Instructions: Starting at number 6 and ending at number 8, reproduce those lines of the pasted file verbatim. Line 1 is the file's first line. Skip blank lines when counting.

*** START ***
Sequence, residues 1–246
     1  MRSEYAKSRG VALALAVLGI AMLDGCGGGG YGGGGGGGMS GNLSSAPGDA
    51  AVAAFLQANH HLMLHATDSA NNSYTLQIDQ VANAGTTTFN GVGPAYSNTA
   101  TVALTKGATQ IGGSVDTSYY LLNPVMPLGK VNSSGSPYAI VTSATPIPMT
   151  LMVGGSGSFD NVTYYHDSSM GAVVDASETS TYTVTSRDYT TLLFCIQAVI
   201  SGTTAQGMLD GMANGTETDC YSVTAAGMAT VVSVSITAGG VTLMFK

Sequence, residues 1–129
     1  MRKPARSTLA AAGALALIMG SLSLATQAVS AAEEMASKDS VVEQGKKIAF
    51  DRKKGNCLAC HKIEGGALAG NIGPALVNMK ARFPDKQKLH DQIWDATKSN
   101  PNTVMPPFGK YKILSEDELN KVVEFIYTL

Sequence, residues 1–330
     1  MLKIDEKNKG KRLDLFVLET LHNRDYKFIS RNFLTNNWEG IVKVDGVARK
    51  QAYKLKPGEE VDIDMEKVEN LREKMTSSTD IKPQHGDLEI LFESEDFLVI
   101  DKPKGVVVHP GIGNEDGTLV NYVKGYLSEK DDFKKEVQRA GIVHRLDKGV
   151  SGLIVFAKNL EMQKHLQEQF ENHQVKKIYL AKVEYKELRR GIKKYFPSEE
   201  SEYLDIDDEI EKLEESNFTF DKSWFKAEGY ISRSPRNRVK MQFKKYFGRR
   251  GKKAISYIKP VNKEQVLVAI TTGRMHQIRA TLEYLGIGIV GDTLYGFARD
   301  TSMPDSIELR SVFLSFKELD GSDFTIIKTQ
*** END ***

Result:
   201  SGTTAQGMLD GMANGTETDC YSVTAAGMAT VVSVSITAGG VTLMFK

Sequence, residues 1–129
     1  MRKPARSTLA AAGALALIMG SLSLATQAVS AAEEMASKDS VVEQGKKIAF